Music: 3 definitions


Music means something in Buddhism, Pali, Hinduism, Sanskrit, the history of ancient India. If you want to know the exact meaning, history, etymology or English translation of this term then check out the descriptions on this page. Add your comment or reference to a book if you want to contribute to this summary article.

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In Hinduism

Purana and Itihasa (epic history)

Source: Shodhganga: Elements of Art and Architecture in the Trtiyakhanda of the Visnudharmottarapurana

Music refers to one of the topics dealt with in the Puranic literature: a category of ancient Sanskrit texts which gives a huge contribution in the development of Indian literature.—The Vishnudharmottara Purana contains different aspects of knowledge. Along with the narratives, this work bears immense information in various fields of study. [...] The third khanda contains 118 chapters which are dedicated to various contents such as Sanskrit and Prakrit Grammar, Lexicology, Metrics, Poetics, Dance, Drama, Music, Painting, Iconography, Architecture etc.

Purana book cover
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The Purana (पुराण, purāṇas) refers to Sanskrit literature preserving ancient India’s vast cultural history, including historical legends, religious ceremonies, various arts and sciences. The eighteen mahapuranas total over 400,000 shlokas (metrical couplets) and date to at least several centuries BCE.

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In Buddhism

Mahayana (major branch of Buddhism)

Source: Brill: Śaivism and the Tantric Traditions (mahayana)

Music is used as a material in the performance of a sacred bathing ritual dedicated to Goddess Sarasvatī, according to the seventh chapter of the Suvarṇaprabhāsottamasūtra.—In chapter 7, the Sarasvatīparivarta, the goddess Sarasvatī grants her support to the Dharma preacher through the gift of eloquence, and presents a bathing ritual with enchanted herbs for him and his audience in order to appease all disturbances. It is promised that, invoked by praise, Sarasvatī herself will appear and remove all diseases and difficulties. The ritual instructions prescribe that one should pound herbs and consecrate the powder with mantras at the time of the Puṣya constellation. A maṇḍala should be drawn with cow-dung, flowers should be scattered and gold and silver vessels filled. Four armed men and four well-adorned maidens should be placed there holding pots in their hands, thus accomplishing the protective sealing of the boundaries (sīmābandha). One should use incense, music, umbrellas, flags, banners, mirrors, arrows, spears and dhāraṇī-spells, and in due course bathe behind an image of the Buddha.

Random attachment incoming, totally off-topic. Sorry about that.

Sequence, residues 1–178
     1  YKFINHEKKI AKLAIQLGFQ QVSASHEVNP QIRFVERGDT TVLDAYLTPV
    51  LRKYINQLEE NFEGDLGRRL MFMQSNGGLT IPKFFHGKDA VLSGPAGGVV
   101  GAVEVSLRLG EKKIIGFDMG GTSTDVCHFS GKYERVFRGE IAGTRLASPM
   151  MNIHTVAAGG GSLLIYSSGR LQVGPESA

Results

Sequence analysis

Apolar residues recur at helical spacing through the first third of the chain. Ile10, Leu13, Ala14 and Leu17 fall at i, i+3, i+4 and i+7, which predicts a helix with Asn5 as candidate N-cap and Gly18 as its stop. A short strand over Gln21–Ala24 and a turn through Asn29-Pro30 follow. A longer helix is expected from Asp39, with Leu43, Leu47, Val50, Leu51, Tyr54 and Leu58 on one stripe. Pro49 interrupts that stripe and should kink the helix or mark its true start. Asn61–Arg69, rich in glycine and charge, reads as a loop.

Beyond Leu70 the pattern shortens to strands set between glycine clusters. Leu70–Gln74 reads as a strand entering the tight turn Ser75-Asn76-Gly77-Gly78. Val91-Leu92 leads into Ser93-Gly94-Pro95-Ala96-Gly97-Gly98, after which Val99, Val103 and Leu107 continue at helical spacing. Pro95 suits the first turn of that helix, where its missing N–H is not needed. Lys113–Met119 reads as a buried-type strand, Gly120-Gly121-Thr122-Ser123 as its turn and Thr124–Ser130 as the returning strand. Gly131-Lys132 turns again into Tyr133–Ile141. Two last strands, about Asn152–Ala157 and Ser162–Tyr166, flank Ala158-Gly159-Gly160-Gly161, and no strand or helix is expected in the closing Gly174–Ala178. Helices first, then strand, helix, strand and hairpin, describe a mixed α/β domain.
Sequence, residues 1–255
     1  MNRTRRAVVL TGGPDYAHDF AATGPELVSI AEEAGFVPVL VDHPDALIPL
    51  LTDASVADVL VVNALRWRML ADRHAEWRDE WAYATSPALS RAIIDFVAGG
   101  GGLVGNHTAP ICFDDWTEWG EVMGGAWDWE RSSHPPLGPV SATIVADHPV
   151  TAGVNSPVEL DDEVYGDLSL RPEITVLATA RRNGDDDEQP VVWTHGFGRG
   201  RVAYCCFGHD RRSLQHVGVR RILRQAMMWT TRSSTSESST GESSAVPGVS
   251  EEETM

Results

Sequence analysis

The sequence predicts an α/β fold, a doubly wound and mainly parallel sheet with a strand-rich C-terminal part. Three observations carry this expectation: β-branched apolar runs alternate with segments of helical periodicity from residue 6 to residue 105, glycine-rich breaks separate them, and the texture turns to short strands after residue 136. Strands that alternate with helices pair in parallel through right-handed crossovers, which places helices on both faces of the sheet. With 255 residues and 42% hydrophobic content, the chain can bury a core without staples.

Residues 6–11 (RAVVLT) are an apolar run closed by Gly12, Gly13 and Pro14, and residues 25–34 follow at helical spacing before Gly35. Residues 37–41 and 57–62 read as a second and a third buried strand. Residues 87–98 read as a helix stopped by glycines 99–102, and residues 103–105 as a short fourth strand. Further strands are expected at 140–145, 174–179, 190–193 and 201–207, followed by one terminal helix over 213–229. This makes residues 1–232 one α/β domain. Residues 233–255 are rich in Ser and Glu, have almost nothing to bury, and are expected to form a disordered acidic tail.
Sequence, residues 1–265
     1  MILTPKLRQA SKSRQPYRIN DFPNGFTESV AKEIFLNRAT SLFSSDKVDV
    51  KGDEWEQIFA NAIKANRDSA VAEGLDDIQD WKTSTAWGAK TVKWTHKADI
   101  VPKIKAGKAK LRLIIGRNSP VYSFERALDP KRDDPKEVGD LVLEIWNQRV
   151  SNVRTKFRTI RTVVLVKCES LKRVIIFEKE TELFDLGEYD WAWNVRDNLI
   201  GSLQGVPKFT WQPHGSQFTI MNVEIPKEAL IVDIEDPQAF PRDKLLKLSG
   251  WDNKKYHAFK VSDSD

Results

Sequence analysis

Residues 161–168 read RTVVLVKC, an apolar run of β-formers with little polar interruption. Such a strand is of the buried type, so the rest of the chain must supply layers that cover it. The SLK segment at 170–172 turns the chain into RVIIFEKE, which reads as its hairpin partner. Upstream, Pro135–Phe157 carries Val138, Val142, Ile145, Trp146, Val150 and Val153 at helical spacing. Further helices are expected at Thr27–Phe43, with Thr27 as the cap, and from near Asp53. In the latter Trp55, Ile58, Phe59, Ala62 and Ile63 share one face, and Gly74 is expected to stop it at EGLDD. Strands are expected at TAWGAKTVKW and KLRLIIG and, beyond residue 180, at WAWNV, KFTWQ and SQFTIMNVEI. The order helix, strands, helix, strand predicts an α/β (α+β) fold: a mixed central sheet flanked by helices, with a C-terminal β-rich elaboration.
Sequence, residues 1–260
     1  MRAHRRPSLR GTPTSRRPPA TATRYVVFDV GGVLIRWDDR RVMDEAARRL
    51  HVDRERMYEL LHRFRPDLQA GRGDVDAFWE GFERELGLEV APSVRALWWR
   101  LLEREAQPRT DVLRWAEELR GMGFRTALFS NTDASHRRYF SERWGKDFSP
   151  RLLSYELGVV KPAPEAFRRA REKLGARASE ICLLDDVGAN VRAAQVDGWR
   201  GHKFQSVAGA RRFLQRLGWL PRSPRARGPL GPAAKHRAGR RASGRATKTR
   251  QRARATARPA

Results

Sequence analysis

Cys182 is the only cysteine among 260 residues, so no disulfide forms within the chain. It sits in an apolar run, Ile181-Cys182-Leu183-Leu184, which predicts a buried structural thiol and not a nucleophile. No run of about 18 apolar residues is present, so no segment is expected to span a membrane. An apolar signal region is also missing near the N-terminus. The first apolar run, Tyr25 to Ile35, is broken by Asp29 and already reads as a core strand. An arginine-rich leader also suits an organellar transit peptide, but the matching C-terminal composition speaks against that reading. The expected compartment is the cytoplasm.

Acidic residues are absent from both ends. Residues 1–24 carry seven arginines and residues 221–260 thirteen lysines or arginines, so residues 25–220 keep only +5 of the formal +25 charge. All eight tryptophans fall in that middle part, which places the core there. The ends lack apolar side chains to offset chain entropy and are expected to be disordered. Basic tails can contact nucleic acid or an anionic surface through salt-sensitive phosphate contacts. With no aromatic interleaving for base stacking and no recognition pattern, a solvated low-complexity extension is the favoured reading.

Mahayana book cover
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Mahayana (महायान, mahāyāna) is a major branch of Buddhism focusing on the path of a Bodhisattva (spiritual aspirants/ enlightened beings). Extant literature is vast and primarely composed in the Sanskrit language. There are many sūtras of which some of the earliest are the various Prajñāpāramitā sūtras.

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India history and geography

Source: Singhi Jain Series: Ratnaprabha-suri’s Kuvalayamala-katha (history)

Music was part of the festivities such as the Kaumudi-Mahotsava festival celebrated on the Śaratpaurṇimā in ancient India, as vividly depicted in the Kathās (narrative poems) such as Uddyotanasūri in his 8th-century Kuvalayamālā (a Prakrit Campū, similar to Kāvya poetry).—Page 103.15: Here is a reference of the Kaumudī-Mahotsava celebrated in a the city of Campā on the Śaratpaurṇimā day (line 32). It was attended by great festivities of music, dance and drama. In the city-square a Naṭa gave demonstration of his dance. The Naṭa is called Bharata-putra, i.e., the follower of Bharata or an adept in Nāṭya-śāstra.

India history book cover
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The history of India traces the identification of countries, villages, towns and other regions of India, as well as mythology, zoology, royal dynasties, rulers, tribes, local festivities and traditions and regional languages. Ancient India enjoyed religious freedom and encourages the path of Dharma, a concept common to Buddhism, Hinduism, and Jainism.

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